If you Google “Chiropractor Bethesda Maryland,” you’ll see Google’s famous 10 blue links. But you’ll also see a box with a map — a snippet — at the top with local results, star ratings, and buttons for phone number and directions. Clicking further will show you reviews people left on Google Maps.
Google is ostensibly providing a service to make it easy to get what you want: a chiropractor in Bethesda.
But what if these reviews aren’t particularly good or reliable? This is a question that has come up based on the fact that Google’s library of local reviews is no longer available apart from the Maps platform or the box above search links.
If you Google the exact, unique text of a user review found through the box above in quotes, an interesting thing happens: No results are found, despite the fact that you just saw the text, provided by Google itself in the box above the reviews.
Google appears to have quietly purged its own user-generated review content from its search results.
This is significant, critics of Google say, because it obscures the fact that Google’s search engine judges the company’s own reviews poorly. Google’s search engine ranks content by relevance and quality, and Google’s review content previously showed up deep into the search results, far from the first page of links that takes most of the clicks.
A Google spokesperson disagreed that the review content was “de-indexed,” simply noting that because Google reviews don’t currently live on a web page, they are not displayed as web results.
Given that reviews once showed up in regular Google search results and now do not, it follows that the reviews were moved from a web page to the Maps platform, whose code prevents search engines from crawling it. What was once searchable is now not searchable, something Google did not explain.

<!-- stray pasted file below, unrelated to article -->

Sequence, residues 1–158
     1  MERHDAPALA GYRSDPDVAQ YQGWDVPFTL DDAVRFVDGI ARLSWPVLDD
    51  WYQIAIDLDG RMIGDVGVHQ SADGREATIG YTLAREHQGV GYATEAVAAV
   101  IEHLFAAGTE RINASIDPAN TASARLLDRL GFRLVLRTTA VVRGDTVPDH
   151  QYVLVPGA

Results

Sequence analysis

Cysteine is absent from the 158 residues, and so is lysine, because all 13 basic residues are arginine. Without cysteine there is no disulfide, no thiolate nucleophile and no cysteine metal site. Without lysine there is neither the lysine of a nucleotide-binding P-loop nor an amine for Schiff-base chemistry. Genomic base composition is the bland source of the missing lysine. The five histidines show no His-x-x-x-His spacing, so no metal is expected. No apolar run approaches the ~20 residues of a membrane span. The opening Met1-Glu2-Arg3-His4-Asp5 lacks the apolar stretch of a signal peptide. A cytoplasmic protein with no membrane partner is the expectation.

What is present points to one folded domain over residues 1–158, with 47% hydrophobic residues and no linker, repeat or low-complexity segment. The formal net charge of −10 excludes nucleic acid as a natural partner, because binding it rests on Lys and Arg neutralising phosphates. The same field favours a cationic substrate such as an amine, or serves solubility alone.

As a result, Google reviews do not have to rank highly in search engines. Instead, the Google snippet — the map and reviews box above the standard search result — allows the company to capture clicks that would otherwise flow off the platform to whatever website had the best result in the algorithm made by the search team down the hall at Mountain View deemed as the best.
“When a mom does a search for ‘local pediatrician’ on Google today, instead of being matched with the most relevant information, she’s being redirected into a service with fewer reviews and lower quality information — a product Google’s own meritocratic algorithms deem inferior,” Luther Lowe, SVP of public policy for Yelp, which competes with Google on local reviews, told Yahoo Finance in an email.
Search rankings of Google reviews were poor. Now they don’t exist.
A year ago, Google’s search engine found this review content. But Google’s search algorithms, which judge content based on being “useful and relevant” according to Google, apparently didn’t find Google’s reviews very useful or relevant — so it consistently ranked them poorly.
In to a complaint submitted to Brazil’s Administrative Council for Economic Defense, Yelp, which competes with Google in local search reviews, showed an example by Googling restaurants in Brasilia and filtering results for Google and TripAdvisor to tune out the noise. Google results came up on the eighth, after seven pages of Tripadvisor results.
Other examples Yahoo Finance reviewed showed Google results emerging as deep as the 17th page. Today, no results are found as Google’s search engine skips over them while it crawls the internet.
In a recent tweet-squall, Yelp’s Lowe raised the question of why Google de-indexed reviews. The obvious implication, from the previously dismal search rank, is because Google reviews lag competitors like TripAdvisor and Yelp.
Analysis from Piper Jaffray, which Lowe cites, backs up the implications of Google’s search algorithm in detail. The investment bank found Google reviews were less than a quarter the length, and 25% had no text at all.
Why is Google looking to push its own local reviews so much? The company declined to comment, but our search queries reveal a possible motive: There are a lot of local searches.
Local search makes up a significant amount of the queries that Google fields every day, and keeping users engaged on the platform rather than off it presents opportunities for more monetization. That’s something Google appears to be focusing on, going so far as to track user locations even when user preferences explicitly say not to, according to a recent investigation by the Associated Press. The AP noted that Google was pushing into targeted local advertising using data.
As a paper on similar issues from Harvard Business School’s Michael Luca, Columbia Law School’s Tim Wu, and others noted, “prominently displaying Google content in response to search queries…may reduce consumer welfare if the internal content is inferior to organic search results.”
So what does this mean for you? In layman’s terms: You might get a worse experience if you don’t look past the first thing Google shows you.